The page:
Travel blog

Top 7 Sights to See at Flume Gorge

Posted by Kelsi Auld on Sep 13, 2022 10:00:00 AM

Woman In Flume Gorge Franconia Notch State Park

Tucked within the White Mountains of New Hampshire lies Flume Gorge, an 800-foot ravine with massive granite walls that extend up to 90 feet high. It cuts a deep fissure through the serene wooded landscape and was first discovered in 1808 by 93-year-old “Aunt” Jess Guernsey on a fishing trip. Not only is Flume Gorge one of the most beautiful gorges in New Hampshire, it’s also considered one of America’s most beautiful State Parks.


A gorge is a deep channel or canyon created by rivers that slowly erode through hills or mountains. This process takes many thousands of years, and Flume Gorge is one of North America's most impressive examples.

Rising from the base of Mount Liberty, Flume Gorge started to form during the Jurassic era—around 200 million years ago.

Today, visitors can venture into the heart of the massive gorge on the Flume Gorge trail. This two-mile roundtrip trail has wide gravel paths, wooden walkways, and covered bridges that snake through verdant forests and past gushing waterfalls.


If you’re lucky enough to find yourself in Franconia Notch State Park, we’ve compiled a list of the can’t-miss spots on the Flume Gorge trail. Our list starts at the Visitors Center and travels northeast to complete a clockwise loop. All along the way you’ll enjoy scenic pools, glacial boulders, and spectacular mountain views.

1. The Flume Covered Bridge

Flume Gorge Bridge

Originally built in 1886, your first stop is one of the oldest covered wooden bridges in New Hampshire. This famous “kissing bridge” is 50 feet long, spanning the Pemigewasset River and Flume Gorge below. As you walk along the pedestrian footbridge, take in the picturesque views that make this one of the state’s most charming historic landmarks.

2. Table Rock

Over the course of thousands of years, racing waters of Flume Brook slowly exposed this large table of rock that today measures 500 feet long and 75 feet wide. From the safety of the walking path, witness this true testament to the power of water and time.

Note: Although picturesque, the rocks can be extremely slippery and are not safe. Stay on the trail.

3. Avalanche Falls

Flume Gorge Avalanche Falls

Both the Flume and Rim Paths eventually lead here, and we recommend pausing to observe the 45-foot waterfall created during a massive storm in 1883. It is said that the storm washed away a huge egg-shaped boulder that was suspended between the gorge walls. The absence of the boulder caused a rush of water that hence formed these scenic falls.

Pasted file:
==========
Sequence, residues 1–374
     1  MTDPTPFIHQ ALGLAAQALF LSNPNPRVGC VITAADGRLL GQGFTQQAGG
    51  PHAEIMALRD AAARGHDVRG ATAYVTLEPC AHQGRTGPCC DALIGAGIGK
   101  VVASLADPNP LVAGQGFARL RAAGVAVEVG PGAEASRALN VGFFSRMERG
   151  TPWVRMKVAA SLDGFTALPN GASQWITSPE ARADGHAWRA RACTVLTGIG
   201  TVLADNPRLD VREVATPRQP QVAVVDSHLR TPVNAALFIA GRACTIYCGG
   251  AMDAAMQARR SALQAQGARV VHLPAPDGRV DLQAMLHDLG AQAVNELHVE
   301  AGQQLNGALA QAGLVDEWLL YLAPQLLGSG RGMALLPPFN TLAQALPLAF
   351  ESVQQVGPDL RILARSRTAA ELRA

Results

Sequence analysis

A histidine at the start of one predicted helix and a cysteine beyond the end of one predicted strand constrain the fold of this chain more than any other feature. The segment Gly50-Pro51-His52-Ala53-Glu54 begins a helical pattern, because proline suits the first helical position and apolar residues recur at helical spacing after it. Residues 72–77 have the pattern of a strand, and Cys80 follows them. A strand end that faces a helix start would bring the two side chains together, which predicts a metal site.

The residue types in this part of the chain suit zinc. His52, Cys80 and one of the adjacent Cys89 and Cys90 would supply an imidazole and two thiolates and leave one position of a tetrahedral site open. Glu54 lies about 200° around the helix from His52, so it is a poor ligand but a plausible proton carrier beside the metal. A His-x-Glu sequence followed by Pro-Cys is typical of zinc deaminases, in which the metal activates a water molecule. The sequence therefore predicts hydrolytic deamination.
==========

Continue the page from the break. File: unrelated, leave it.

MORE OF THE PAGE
4. Liberty Gorge Cascade

Located between the Avalanche Falls and The Pool, this eye-catching mountain stream is a must-see site. A bend in the Ridge Path portion of the trail will take you to a picturesque lookout of the beautiful cascading creek that flows through the narrow valley.


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5. Sentinel Pine Bridge and Pool

Flume Gorge Sentinel Pine Bridge and Pool

After winding your way through a few curves in the trail, arrive at the impressive Sentinel Pine Bridge. This covered bridge is built on top of a giant pine tree that was uprooted during a 1938 hurricane. If you look closely as you approach the bridge, you’ll notice the original tree still rests underneath the pedestrian path.

Standing on the Sentinel Pine Bridge, look down over The Pool. Surrounded by soaring cliffs that reach up to 130 feet high, this deep river basin was formed by rushing glacial water over 14,000 years ago.

6. Wolf Den

Interact with the region’s ancient granite rockface in this narrow, one-way path. Experience firsthand what it feels like to be in a gorge as you walk, climb, and crawl through the rocks. It’s something you won’t soon forget!

7. Glacial Boulders

Flume Gorge Glacial Boulders

On the final stretch of this scenic two-mile trail called the Wildwood Path, pass through the incredible boulder field. This fascinating area was created over 25,000 years ago by a mile-thick ice sheet so powerful that it moved boulders as heavy as 300 tons!

The Best Time to Visit Flume Gorge

The natural beauty of Flume Gorge is undeniable. To experience it at its best, we recommend visiting in the fall. The crisp weather, smaller crowds, and beautiful fall foliage make this place an outstanding destination for an autumn getaway. You won’t regretting visiting in the autumn months and capturing the vibrant fall colors.

See Flume Gorge with YMT Vacations

Traverse the historic northeast during the peak of the fall foliage season on YMT Vacations’ Autumn Leaves Tour. On this 14-day tour, travel from New York City to Canada, with visits to the White Mountains and Flume Gorge. Throughout the journey, the vibrant oranges, yellows, and deep reds of the changing leaves are the stars of the show. To learn more or make your reservation, contact your travel agent or call us at 888-756-9072.


Topics: Americas, Travel Inspiration